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Agribusiness Update


SAFE AND ABUNDANT FOOD THROUGH SOUND SCIENCE

ASSOCIATION HAPPENINGS KARA Participates in Kansas Agricultural Alliance Ag Tour Kansas Agribusiness Retailers Association is a proud member of the Kansas Agricultural Alliance (KAA), a coalition of agriculture organizations in Kansas. KAA is composed of statewide farm, livestock, commodity, cooperative, agri-business and agri-service organizations. KAA’s mission is to promote the general welfare of agriculture and rural communities within Kansas and the U.S., with special emphasis upon legislative activities affecting agriculture, rural areas and cooperative services. To positively promote agriculture and provide a platform for organizations to speak with elected officials, KAA organized a bus tour with members of the House and Senate Agriculture Committees in and around the Manhattan area. Stops included a diversified farming operation, feed yard, the Kansas Wheat Innovation Center, Kansas Department of Agriculture, Kansas State College of Veterinary Medicine and a cooperative grain elevator/ agronomy retailer. Association staff helped facilitate the tour and educated lawmakers on the importance of Kansas agriculture.

Randy Stookey listened to the importance of workplace safety at Mid Kansas Cooperative.

Mid Kansas Cooperative staff explained the chemical and fertilizer portion of their operation to lawmakers.

The first stop on the tour showcased a diversified farming operation at the Mertz Ranch near Wamego.

The Kansas Department of Agriculture hosted a BBQ lunch for the KAA Ag Tour.

The tour exposed lawmakers to many different rural industries in Kansas. Winter 2018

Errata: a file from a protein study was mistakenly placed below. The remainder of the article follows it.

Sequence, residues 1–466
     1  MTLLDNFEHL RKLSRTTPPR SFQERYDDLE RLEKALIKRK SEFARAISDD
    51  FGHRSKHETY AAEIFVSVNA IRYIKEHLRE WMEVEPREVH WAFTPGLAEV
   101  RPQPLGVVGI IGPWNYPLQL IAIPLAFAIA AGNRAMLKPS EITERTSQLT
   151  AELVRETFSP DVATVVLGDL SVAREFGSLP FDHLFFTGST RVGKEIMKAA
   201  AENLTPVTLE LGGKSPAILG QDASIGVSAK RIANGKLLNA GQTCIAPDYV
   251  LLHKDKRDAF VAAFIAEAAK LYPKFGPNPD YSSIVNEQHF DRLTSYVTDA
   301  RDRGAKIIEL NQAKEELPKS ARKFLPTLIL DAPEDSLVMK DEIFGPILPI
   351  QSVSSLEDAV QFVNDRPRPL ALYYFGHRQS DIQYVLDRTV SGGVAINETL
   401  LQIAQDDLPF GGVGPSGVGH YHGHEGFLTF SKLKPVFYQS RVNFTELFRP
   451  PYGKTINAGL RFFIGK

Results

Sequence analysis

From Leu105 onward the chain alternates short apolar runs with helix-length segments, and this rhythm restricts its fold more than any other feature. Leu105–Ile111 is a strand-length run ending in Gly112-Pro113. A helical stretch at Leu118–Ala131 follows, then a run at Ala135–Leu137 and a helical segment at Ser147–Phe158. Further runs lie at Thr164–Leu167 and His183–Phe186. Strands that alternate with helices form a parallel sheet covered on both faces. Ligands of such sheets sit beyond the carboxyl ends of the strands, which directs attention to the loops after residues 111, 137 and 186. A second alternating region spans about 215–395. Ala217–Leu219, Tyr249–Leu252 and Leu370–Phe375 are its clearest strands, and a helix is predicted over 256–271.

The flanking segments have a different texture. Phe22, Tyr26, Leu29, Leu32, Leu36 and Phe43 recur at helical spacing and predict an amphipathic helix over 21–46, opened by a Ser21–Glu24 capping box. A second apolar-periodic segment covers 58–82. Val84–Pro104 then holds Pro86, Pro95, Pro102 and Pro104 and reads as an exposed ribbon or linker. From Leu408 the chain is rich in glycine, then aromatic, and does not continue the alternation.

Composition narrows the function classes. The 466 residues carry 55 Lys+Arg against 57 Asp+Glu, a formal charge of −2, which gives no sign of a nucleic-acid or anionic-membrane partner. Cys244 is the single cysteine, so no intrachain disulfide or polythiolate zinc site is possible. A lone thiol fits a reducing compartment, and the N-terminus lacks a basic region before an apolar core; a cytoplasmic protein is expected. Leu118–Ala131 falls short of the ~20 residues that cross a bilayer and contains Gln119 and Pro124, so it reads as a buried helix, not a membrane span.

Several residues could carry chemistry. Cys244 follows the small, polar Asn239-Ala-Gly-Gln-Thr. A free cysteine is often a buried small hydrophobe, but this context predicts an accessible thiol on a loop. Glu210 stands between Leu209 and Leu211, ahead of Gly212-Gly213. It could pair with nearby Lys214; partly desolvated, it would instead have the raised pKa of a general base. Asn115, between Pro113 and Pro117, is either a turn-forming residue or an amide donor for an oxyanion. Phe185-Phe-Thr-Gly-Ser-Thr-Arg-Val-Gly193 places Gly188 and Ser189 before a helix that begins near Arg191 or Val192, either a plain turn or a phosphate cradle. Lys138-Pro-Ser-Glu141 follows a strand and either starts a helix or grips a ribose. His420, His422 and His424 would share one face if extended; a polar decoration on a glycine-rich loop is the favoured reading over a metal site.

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KANSAS AGRIBUSINESS RETAILERS ASSOCIATION

INDUSTRY NEWS Dicamba Applicator Training If you plan to use dicamba products this spring and you aren’t familiar with your state’s requirements, now would be a great time to take a look. It looks like states are going to require that training be completed in the state that the application will take place however, the State of Kansas may offer reciprocity between certain states. Make plans today to attend a dicamba training session in your area. Source: Asmark Institute

New Dicamba Product Training Requirements The Kansas Department of Agriculture (KDA) asks applicators of dicamba products to be aware of the recent label changes and updates made to those products and to take the necessary steps to be in compliance with the label of the product you choose to use. Updated labels now exist for the following products: »» Engenia® »» Engenia Herbicide Application and Record Keeping & Training Requirements Form »» XtendiMax® with VaporGrip® Technology »» XtendiMax Recordkeeping Form »» FeXapan™ Herbicide Plus Vapor Grip® Technology »» FeXapan Application Record The following is a general list of the changes and updates made to the labels in preparation for the 2018 growing and application season. Read the label for specific information concerning your product of choice. »» Registered as a Restricted Use Pesticide (RUP) »» Recordkeeping requirements for

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Agribusiness Update